Imagine that one afternoon you take the walk out to the mail box and inside is a package wrapped in brown paper. On further examination it has no return address and the label is written by hand. It is ticking.
A casual estimate would be that 99% of people would have a reaction, and that reaction would be decidedly negative. Why negative? Have you ever had a box come in the mail that ticked? The only thing that most people would base their reaction on are movies and television shows. Perhaps a news feature or an article may influence the impulse, but much of the reaction is from fiction.
What else could be ticking? It may be a clock or some sort of mechanical device. What are the odds that it would actually be a bomb? The post office is on the look for these items and they are not likely to get to your home. Does someone want to kill you? Most people who are murdered are victims of people they know and the methods are more immediate rather than calculated.
Wait, hold the phone…
What Am I Saying?
There is something very wrong with this logic. What I have intentionally done is demonstrate how potentially misleading logic can be. The problem with this scenario is that the severity of the situation has not been taken into account at all. Suppose it was a clock, would it not be better to assume that it was in fact a bomb? Is it an issue that much of the information about ticking packages has come from movies and television when you consider that only one incidence that could result in the loss of life requires more caution?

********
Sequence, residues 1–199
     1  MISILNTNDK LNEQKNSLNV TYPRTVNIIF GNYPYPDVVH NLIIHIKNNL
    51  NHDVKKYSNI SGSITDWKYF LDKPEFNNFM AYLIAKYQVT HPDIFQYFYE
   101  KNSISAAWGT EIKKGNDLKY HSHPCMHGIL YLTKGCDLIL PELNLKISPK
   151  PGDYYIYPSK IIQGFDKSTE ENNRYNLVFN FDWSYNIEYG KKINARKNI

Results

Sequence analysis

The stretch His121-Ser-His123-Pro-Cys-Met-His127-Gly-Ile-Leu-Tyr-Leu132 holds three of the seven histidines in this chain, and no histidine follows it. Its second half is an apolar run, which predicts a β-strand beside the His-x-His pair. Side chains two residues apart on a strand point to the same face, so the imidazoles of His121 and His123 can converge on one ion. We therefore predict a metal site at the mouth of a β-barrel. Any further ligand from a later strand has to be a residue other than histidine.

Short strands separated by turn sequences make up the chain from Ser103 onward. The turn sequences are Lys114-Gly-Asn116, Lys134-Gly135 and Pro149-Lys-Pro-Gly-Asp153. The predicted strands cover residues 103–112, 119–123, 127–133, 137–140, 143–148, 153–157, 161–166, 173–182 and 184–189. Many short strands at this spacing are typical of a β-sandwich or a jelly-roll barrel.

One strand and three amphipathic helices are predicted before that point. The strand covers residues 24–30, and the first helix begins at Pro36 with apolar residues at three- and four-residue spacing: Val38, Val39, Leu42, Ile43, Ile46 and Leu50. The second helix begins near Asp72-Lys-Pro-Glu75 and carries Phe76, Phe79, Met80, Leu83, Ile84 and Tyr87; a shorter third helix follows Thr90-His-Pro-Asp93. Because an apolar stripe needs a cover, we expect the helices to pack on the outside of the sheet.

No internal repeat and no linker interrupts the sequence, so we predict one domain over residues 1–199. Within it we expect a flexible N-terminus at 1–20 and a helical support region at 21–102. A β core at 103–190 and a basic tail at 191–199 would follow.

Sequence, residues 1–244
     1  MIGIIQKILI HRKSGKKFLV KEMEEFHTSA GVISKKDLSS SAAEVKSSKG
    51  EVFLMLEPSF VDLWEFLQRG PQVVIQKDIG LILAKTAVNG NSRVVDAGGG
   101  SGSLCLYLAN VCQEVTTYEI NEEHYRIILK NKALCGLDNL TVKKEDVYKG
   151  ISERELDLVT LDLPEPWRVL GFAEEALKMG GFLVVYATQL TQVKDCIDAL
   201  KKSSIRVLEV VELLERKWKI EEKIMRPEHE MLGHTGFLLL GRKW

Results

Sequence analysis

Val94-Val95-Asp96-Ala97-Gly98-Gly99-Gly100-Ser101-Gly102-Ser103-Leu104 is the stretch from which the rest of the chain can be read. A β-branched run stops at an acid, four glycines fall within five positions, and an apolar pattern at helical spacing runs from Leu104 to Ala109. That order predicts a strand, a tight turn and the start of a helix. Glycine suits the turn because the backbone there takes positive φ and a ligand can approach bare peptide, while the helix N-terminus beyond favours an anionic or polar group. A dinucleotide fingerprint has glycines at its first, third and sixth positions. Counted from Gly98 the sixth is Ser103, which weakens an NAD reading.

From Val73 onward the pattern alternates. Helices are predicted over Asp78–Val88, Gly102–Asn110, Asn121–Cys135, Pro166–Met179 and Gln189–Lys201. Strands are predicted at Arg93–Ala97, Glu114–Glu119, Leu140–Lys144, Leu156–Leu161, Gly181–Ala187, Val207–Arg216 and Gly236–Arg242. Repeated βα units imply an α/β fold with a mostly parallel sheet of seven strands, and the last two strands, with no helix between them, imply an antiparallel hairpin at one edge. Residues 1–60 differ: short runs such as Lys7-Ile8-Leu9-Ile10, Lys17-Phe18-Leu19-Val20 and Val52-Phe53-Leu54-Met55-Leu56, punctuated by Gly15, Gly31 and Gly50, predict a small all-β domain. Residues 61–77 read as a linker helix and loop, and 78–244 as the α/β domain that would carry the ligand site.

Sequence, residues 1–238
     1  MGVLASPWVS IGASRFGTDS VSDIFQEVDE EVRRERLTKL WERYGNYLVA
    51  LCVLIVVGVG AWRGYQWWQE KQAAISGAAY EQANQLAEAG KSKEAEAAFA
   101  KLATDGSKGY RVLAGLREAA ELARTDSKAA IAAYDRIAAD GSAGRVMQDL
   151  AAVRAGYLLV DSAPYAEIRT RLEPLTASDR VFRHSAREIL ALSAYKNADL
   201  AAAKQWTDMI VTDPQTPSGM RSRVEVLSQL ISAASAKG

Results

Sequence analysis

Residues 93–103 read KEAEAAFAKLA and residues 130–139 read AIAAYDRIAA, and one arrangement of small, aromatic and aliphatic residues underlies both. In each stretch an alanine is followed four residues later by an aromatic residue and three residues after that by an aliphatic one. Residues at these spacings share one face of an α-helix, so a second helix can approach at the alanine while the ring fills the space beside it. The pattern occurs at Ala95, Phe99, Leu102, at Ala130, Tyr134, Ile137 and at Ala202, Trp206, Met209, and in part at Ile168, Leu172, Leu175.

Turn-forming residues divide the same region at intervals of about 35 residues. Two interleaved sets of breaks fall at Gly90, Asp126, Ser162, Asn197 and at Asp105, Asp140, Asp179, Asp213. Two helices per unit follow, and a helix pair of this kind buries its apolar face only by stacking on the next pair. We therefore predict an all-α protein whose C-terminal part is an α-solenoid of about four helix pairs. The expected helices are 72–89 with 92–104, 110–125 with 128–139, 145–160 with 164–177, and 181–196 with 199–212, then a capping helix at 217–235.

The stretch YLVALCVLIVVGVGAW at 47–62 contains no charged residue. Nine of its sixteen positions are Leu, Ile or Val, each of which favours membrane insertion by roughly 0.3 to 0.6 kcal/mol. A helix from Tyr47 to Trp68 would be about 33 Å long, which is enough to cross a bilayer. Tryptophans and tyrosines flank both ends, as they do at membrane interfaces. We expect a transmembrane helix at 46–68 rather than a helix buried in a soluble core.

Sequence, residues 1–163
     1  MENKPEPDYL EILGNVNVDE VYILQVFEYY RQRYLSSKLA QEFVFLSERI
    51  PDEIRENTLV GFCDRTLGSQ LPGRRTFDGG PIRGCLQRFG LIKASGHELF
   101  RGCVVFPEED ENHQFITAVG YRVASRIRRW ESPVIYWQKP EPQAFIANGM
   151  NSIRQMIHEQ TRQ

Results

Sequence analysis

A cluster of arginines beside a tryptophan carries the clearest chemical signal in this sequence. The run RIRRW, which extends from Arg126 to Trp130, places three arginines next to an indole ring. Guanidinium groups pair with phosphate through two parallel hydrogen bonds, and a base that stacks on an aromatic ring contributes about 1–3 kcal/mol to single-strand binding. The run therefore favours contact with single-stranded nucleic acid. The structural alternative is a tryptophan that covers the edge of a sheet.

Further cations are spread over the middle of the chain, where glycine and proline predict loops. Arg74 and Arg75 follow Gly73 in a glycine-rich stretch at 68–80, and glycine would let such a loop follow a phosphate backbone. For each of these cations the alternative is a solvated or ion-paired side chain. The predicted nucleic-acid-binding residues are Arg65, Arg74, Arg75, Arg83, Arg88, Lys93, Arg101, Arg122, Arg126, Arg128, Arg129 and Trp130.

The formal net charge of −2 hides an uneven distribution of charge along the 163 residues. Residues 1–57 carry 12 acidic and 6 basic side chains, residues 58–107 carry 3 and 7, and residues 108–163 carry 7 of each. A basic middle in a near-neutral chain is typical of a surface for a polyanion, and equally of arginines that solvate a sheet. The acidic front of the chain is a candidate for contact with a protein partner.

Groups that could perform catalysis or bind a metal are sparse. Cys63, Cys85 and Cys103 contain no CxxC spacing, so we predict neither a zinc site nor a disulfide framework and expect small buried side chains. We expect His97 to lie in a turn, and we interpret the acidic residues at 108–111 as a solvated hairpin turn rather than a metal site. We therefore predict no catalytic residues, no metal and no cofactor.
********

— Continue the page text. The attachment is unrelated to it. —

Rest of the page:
The best thing to do is to not disturb the package, call the police, and leave the scene. It may be unlikely that there is anything wrong, but if there is, the consequences are so severe that no other choice can be made.
If the Package is Ticking…
…RUN! Don’t go back for your good china. Don’t see what coupons are in the accompanying flyer. Abandon your possessions for something more valuable: your life.
In matters of faith, the consequences are even more severe. This is not about some minor points that you may hold in disagreement, but if you hear the distinct sound of ticking it is already time to run. The difficulty is that in matters of Christian faith, it may be difficult to hear the ticking. The only way you are able to is to be grounded in the tenets of Christian doctrine. What are vital to the Christian faith? What would, if they were removed, make a person’s belief so different that it can no longer be called Christianity?
Some have said, “But if you can’t be sure, then can you really make that judgment?” That is a good point. The package could contain a clock, after all they do sound much the same.
The question is whether or not it is worth the risk. Why follow a pastor or attend a church which has raised serious controversy about basic Christian beliefs? Why continue to ascribe to church leaders who raise such strong controversy among other Christian leaders? After all, there are hundreds of other churches, pastors, and Christian leaders who are grounded in the Bible, who overtly and confidently affirm the basic teachings of Christianity.
It may come down to holding onto it as if it were a clock, yet being willing to accept the damage of the blast if it is a bomb. However, it may be abandoning so much that is good to spare the risk of the destruction of yourself and those for whom you care so much. Is it worth the risk?